We got to New York on Friday afternoon, flying into La Guardia airport, in Queens. Instead of a cab we opted for a bus and subway to save some money which actually worked out to be a very easy way of getting to where we were staying although there were no lines directly South so we had to go through Manhattan. We picked up a weekly unlimited metro card for $30, a bargain given the amount of travelling around we would do that week. We met Margo at our AirBnB apartment in the Bushwick area of Brooklyn, a clearly latino area with taco stands and central/south american football shirts being worn around the place (the World Cup is now on). It’s going to be a good base for the week, close to a subway station, an easy ride into Manhattan and close to what we want to see in Brooklyn. We went out for some sushi for dinner down the road, got caught in a rainstorm (flashbacks to New Orleans) and picked up some breakfast for the next day before turning in for the night. The night was noisy with our street being a real neighbourhood street – music playing, shouting across the street, kids playing outside our windows etc.
Our first morning began with a stroll around the neighbourhood and down to a farmers market which turned out to be little more than a few stalls selling things like kale chips and organic honey. No fruit and veg as we would have thought so we went off to the grocery store again to pick up some stuff for lunches. We are trying to be cheap and do one meal out a day, either lunch or dinner. With a packed lunch made we caught the subway into Manhattan to check out the visitors centre for what we might do here and have lunch in Central Park – an oasis of green in this concrete jungle. We walked to the park through Midtown along 7th Avenue which took us into and through Times Square. It was Saturday and seemed as though everyone was in the Park. The sun was out which clearly encouraged people and looking at a map there aren’t that may green spaces in New York to head to if you want some ‘green-time’. We had lunch reading our tourist leaflets and watching some amateur softball before going for a walk around and checking out various parts of the park. I had arranged to meet Ross, a friend I played 5-a-side football with in Melbourne, that afternoon as England were kicking off their World Cup campaign so later on we caught a bus back down to Midtown and made for the ‘Pig & Whistle’, one of the many British pubs catering to tourists here. We watched England lose against Italy then walked a short distance to Koreatown for, you guessed it, some tasty Korean food. We then called it a night knowing we had a week here to explore.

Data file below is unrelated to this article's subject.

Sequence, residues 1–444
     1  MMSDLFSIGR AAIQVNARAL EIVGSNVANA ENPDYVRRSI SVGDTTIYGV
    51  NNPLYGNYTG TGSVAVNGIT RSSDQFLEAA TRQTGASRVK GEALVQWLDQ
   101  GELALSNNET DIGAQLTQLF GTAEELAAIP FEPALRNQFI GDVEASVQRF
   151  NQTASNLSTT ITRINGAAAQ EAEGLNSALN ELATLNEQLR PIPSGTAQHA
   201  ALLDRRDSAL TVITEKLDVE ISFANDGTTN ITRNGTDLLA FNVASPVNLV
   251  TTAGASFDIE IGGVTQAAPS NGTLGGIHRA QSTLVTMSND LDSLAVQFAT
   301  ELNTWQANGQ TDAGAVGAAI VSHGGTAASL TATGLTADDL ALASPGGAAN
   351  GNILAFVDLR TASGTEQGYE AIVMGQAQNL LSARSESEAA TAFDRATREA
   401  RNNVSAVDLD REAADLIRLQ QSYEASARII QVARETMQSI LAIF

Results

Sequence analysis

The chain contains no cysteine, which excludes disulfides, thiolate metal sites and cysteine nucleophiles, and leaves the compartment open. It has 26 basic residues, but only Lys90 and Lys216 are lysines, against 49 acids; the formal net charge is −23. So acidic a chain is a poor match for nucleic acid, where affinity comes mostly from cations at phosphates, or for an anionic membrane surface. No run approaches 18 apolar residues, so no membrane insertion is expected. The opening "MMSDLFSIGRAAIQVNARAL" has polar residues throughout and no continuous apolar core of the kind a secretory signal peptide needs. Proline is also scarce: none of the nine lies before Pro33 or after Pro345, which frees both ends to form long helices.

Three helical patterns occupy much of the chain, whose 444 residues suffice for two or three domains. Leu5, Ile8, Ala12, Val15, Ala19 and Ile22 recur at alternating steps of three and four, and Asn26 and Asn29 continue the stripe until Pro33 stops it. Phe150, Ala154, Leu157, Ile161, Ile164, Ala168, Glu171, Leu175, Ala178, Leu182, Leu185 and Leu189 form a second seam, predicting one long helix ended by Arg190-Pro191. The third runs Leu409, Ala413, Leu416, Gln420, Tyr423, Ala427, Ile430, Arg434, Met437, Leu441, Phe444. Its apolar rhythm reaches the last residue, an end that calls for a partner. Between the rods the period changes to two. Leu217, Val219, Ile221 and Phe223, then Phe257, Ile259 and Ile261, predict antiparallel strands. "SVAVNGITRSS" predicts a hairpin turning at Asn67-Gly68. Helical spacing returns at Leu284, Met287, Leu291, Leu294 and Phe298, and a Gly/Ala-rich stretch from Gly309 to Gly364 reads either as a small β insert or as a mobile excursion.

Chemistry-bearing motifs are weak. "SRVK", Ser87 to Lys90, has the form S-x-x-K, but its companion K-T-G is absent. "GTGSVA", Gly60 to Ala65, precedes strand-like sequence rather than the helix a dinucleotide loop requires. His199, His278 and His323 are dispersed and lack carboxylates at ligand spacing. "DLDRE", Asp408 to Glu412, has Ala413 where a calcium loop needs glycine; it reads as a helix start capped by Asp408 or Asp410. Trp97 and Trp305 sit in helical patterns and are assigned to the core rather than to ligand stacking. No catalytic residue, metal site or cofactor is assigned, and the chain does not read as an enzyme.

We had arranged to meet up with Ross and Bec again the next day in Williamsburg for brunch. We caught the subway there and had time to wander around before we met up. Williamsburg is a really nice neighbourhood, with shops and cafes much to our tastes. All the cafes were bursting with people ‘brunching’. We met for brunch at ‘St. Balmain’ which served up a delicious selection of brunch options and coffees. It was so nice to met up with people and have brunch, something we would do in Melbourne but travelling on a budget these things become a luxury. We parted company with Ross and Bec and proceeded on to a flea market by the East River which was mainly clothing and odds and ends but good fun. It was really heating up by this point and it seemed as though everyone in town was out and about enjoying the weather. We wanted to knock over a few things today so after a brief stroll around the market we caught the subway into Manhattan to check out the Highline. This is a section of reclaimed elevated railway track that has been turned into a park. It is a walkway above street-level lined with plants and trees and takes you through 20 or so city blocks. We ‘got on’ in Chelsea after having a look around the Chelsea Market and walked up to Midtown, getting off at 30th Street. Feeling parched and in need of a sit down we headed for a rooftop bar on Fifth Avenue Ross had told us about – ‘230 Fifth’. We had a cocktail each and admired the view of the Empire State Building right in front of us whilst sussing out some dinner options. Italian won the day and we made for the subway back downtown to West Village and a little place called ‘Risottoeria’ which had a full gluten-free menu. It was a day for Kirsty today, starting off with a GF granola at brunch followed by a dairy free ice-cream from a food truck and now a GF grilled panini. Have to say I didn’t do badly either although I did very much eat gluten and enjoy it. West Village seems like a really nice part of town, with the buildings smaller and more closely crammed together. It has a more neighbourhood feel than other areas of Manhatten we have seen. Being a Sunday evening and the sun out people were out and about enjoying themselves. Not quite ready for dinner we checked out Washington Park and a small part of Greenwich Village, which were lovely. There were people playing chess, a jazz band busking and a free movie showing being set up in the Washington Square – a hive of activity. Feeling hungry we then made for dinner, we both had grilled paninis at ‘Risottoeria’ and were not disappointed, very good. By now it was around 8pm and the sun was due to go down at half past. Being relatively close to the Staten Island Ferry we jumped on a bus towards the ferry terminal hopeful to get there in time to watch the sunset as we ‘ferried’ towards Staten Island. We made it and it was the perfect time to go with the sun just going down as we pulled out of Manhattan. Coming back all the lights were twinkling in the night sky. We did the return trip on this free ferry then jumped on the subway once more to head for home.